Keep the line of tape straight and pull it tightly when mapping out your herringbone design on your bathroom wall. This will help you get clean and crisp lines.

Step 3: Tape Diagonal Lines

For each line, measure 7″ down and tape diagonally from one to the other. So your first diagonal line starts at the ceiling and goes down to the 7″ mark on the next line.

Step 4: Continue Taping All Diagonal Lines

Keep repeating to make the herringbone pattern. Press the tape line fully.

herringbone design done with tape on small bathroom wall.

Use your fingernail to really make the tape stick. You can also seal the painter’s tape by painting a thin layer of the base color (beige) on top of the tape.

Other Ways To Get Painter’s Tape To Seal

  • Use a foam roller (without paint) and run it over the tape.
  • Use an old credit card before pushing the tape on nice and flat.

Step 5: Paint The Wall

Once the herringbone design is completely taped, use a roller to paint the whole surface and a brush to trim out the edges. You may need two or three coats.

gray painted wall over taped design above bathroom sink.

Step 6: Peel The Tape

Once rolling and trimming are done, it is time for the fun part!

I like to peel the tape when the paint is dry, but not too dry. Some painters will want you to wait a day, but I am just too impatient for that.

Pulling straight out with design can help. If there are any bleeds, you can always touch up the design with the base coat. I did have to touch up a few spots, especially along the ceiling.

diagonal tape being pulled off the wall in bathroom.

Step 7: Clean-up And Touch up

Once you have removed the tape, you may see that you have some spots to touch up.

Painted herringbone gray accent wall in bathroom.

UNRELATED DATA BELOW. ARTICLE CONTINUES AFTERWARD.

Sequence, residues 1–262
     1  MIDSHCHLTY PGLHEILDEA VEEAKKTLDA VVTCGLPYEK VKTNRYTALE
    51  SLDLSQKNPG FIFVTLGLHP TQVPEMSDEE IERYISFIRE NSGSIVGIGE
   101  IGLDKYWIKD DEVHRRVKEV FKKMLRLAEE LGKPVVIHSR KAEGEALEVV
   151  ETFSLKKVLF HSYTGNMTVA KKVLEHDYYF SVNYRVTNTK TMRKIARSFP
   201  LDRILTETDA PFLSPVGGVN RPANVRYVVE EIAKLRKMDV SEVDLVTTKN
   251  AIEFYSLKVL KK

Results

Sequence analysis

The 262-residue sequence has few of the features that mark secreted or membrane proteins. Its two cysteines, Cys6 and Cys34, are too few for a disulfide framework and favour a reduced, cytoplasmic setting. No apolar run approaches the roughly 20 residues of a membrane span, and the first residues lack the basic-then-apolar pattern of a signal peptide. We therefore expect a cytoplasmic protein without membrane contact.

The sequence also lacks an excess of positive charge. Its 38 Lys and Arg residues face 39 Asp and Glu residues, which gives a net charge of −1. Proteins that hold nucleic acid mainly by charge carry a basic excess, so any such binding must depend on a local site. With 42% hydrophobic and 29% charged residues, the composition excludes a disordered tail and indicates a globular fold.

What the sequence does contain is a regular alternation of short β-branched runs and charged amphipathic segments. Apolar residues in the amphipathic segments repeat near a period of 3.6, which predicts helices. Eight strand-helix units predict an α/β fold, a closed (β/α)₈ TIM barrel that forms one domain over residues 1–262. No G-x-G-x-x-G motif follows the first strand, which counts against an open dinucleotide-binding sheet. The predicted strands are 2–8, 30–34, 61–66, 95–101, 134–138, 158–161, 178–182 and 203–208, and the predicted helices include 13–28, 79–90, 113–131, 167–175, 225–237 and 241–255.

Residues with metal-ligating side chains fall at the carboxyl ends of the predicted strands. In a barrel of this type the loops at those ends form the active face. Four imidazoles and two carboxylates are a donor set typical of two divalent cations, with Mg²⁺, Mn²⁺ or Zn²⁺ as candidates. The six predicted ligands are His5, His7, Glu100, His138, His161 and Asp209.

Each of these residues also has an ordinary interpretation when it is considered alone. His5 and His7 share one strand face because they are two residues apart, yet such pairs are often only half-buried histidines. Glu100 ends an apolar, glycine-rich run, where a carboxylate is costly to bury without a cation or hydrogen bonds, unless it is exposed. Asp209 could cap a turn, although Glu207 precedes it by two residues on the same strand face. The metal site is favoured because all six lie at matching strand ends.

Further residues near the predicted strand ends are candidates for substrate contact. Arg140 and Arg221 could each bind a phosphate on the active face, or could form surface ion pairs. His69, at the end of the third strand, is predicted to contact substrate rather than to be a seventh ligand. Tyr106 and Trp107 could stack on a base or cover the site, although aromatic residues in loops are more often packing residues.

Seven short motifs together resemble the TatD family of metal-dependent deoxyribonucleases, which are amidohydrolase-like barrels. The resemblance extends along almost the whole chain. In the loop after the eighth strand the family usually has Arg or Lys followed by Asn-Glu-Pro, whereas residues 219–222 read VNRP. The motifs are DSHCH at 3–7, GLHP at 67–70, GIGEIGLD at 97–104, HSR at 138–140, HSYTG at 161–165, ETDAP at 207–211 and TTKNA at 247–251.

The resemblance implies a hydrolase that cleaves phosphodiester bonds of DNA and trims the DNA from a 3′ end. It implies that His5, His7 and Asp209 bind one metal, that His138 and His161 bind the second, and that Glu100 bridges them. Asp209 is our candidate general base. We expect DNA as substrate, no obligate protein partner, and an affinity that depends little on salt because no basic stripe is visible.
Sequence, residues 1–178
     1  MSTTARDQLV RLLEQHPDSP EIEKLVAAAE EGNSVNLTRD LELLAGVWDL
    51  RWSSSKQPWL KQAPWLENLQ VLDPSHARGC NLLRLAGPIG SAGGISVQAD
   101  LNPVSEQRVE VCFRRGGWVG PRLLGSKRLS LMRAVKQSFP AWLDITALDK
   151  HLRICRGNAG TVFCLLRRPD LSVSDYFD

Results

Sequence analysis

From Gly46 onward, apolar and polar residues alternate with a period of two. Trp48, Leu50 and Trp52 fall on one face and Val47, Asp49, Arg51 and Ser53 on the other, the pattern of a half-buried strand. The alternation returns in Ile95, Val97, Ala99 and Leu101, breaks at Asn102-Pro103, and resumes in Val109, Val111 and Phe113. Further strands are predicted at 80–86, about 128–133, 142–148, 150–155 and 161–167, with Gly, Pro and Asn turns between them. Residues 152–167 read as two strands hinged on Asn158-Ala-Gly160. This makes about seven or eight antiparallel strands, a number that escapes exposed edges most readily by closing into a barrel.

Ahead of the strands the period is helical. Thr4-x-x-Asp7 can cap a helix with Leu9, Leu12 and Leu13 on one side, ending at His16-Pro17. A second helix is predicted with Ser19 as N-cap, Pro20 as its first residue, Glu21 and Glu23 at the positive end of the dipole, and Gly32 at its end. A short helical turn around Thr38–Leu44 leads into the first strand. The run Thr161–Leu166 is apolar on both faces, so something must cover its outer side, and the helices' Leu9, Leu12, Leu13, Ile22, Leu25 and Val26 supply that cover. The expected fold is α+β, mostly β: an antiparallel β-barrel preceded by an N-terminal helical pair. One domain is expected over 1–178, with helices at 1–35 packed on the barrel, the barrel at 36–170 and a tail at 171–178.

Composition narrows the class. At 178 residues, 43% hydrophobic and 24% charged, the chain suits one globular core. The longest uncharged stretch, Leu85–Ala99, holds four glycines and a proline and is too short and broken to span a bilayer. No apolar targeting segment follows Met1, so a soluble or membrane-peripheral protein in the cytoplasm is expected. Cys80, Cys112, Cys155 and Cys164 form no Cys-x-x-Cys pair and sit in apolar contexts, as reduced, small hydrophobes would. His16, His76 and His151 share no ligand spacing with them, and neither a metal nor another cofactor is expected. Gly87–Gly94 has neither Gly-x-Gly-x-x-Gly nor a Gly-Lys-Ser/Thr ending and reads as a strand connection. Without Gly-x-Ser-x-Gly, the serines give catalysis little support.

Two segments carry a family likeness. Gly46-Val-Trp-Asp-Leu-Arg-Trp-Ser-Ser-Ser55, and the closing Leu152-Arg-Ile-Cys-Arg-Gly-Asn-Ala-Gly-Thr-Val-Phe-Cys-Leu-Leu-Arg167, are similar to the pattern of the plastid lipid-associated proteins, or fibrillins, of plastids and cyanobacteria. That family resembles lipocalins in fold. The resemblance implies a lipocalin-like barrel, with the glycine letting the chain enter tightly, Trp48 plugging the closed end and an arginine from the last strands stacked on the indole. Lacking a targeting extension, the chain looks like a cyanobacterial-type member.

Before and After

before dark small bathroom makeover with arrow pointing to freshly painted chevron gray bathroom accent wall and shelves.

We love comparing spaces to their old counterparts. DIY doesn’t always have to cost a ton of money for a new feel.


  • Hold the tape tight when taping to help get a straight line.
  • Step back and look at your project or whole bathroom from a distance as you are working to double-check your faux herringbone wallpaper design.
  • Make sure to give yourself enough time to complete the project.

Decorate Your Bathroom

Here we made these industrial bathroom shelves with a bit of help by buying these industrial pipe flanges from Amazon. I love how they look against our DIY herringbone accent wall.

two stained shelves on bathroom wall with grey herringbone painted pattern.

How-To FAQs

How do you not get bleeds in your lines?

There are a few different ways you can try to “seal” your tape on the wall. One of the most common ways is to paint a thin layer of the base color over the paint. You can also try to use an old plastic card, clean foam roller or your fingernail to make sure the painter’s tape is on well. The type of tape will also factor in. Make sure to use high-quality painter’s tape for the best finish.

How do you paint a herringbone wall with paint?

There are a few ways you could make a herringbone accent wall using paint. You could tape guidelines stamp smaller diagonal lines with a piece of cardboard or sponge within that shape, buy a herringbone stencil, use painters tape to make a herringbone design or draw vertical and diagonal lines with a paint pen.

Are accent walls still in style in 2023?

Yes, accent walls can add a new dimension to any space. Whether it is just simple paint, wallpaper or a type of wood accent wall, builders and designs are still adding these to different spaces.